Opinion by Michael Royster

RIO DE JANEIRO – Previous segments of this abstruse essay have dealt with the unusual nature of Brazil’s constitutional provision on presumption of innocence, and history of the decisions by STF, Brazil’s Supreme Court. Today’s essay will deal with the political reality staring Brazil in the face.

Michael Royster, aka The Curmudgeon.
Michael Royster, aka The Curmudgeon.

Brazil’s best-known political reality is that crusading Judge Moro convicted former President Lula of corruption, and a three-judge panel of the TRT upheld the conviction. Under current STF case law, Lula would soon (perhaps next week) begin serving his sentence in prison, while filing his further appeals.

That presents a political problem of truly gigantic proportions, because Lula is openly running for President; worse yet, according to all polls, he is the front-runner by a very large margin over other candidates. You cannot conduct a presidential campaign if you are in jail, so Lula’s supporters are clamoring for the STF to keep him out of jail.

There are several cases now pending at the STF that would afford an opportunity for the full eleven-Justice STF to make a final determination about the presumption of innocence, applicable to all future cases. The political reality of any decision by the STF, however, is that any vote will inevitably be seen as a political vote—for or against Lula’s candidacy—rather than a vote interpreting the Constitution.

Yesterday, STF Presiding Justice Carmen Lúcia made that very clear. She had long resisted scheduling any of these cases for a full court decision, for several reasons. But yesterday, in an astonishing turnabout, she scheduled for today, March 22nd, a full court hearing on a habeas corpus motion filed by Lula’s lawyers.

The other pending cases did not specifically involve Lula, but were generic suits seeking to impose an across-the-board ruling on the question of the presumption of innocence.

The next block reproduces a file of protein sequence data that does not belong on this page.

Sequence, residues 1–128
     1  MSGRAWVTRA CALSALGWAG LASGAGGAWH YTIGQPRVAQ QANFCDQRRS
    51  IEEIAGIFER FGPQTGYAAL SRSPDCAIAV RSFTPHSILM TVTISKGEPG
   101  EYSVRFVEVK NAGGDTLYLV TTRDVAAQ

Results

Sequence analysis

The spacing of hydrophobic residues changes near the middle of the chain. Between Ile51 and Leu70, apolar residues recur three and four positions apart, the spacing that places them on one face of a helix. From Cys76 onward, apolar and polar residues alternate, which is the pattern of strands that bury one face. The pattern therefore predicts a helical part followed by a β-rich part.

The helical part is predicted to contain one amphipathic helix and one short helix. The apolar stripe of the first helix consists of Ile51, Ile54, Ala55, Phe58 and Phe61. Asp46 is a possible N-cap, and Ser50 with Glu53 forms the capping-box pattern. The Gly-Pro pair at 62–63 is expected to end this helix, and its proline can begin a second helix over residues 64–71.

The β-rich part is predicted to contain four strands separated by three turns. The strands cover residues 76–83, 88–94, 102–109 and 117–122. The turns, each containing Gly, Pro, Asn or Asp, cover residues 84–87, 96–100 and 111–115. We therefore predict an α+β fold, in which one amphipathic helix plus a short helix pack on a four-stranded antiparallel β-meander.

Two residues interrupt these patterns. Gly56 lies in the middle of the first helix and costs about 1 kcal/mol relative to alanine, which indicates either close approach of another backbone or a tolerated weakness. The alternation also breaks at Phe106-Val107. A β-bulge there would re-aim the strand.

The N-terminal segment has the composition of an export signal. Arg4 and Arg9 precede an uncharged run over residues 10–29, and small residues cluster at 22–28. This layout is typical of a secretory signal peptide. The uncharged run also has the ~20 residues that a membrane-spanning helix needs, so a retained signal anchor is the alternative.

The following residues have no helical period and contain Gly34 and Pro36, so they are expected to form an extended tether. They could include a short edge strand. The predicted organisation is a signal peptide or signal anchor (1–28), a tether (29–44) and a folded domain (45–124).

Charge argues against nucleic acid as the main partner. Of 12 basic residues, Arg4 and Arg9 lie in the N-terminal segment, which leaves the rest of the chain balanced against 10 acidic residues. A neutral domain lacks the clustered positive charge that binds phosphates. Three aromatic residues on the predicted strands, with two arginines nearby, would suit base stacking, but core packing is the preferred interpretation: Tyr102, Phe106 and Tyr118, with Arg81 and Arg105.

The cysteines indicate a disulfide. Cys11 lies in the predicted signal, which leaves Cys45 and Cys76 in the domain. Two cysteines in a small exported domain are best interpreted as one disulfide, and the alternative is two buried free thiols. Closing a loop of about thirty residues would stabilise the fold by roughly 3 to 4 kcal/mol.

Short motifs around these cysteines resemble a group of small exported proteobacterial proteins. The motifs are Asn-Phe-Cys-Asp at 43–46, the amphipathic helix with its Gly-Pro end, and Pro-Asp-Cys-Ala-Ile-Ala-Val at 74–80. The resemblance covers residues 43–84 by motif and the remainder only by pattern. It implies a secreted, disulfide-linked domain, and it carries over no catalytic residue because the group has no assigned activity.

Cármen Lúcia’s snap decision means that each of the eleven Justices will now have to decide whether they wish to keep Lula out of jail indefinitely — or not.

For almost all Justices, the answer is clear. Justices Toffoli and Lewandowski have always protected Lula. Justice Gilmar Mendes, who was part of the 6-5 majority, has loudly proclaimed his change of heart. Two other Justices scrupulously hew to the plain language of the Constitutional provision — no one is guilty until the judgment is final.

That makes five sure votes in favor of Lula. But another five Justices, including Cármen Lúcia, continue to support maintaining the 6-5 decision.

Only one Justice, Rosa Maria Weber, has kept radio silence on the question. No one is quite sure how she will vote.

There is a possibility that nothing will happen in today’s STF session. If any Justice desires to avoid a decision, they need only request a stay in order to review the record before them. STF practice is to defer to such requests.

Meanwhile, the 4th federal appeals court (TRF) has scheduled a decision on Lula’s appeal for this Monday, March 26th. Everyone believes the appeal will be denied; if so, Lula will be ordered to begin serving his sentence.

Unless, of course, the STF gives Lula a “get out of jail free” card today.

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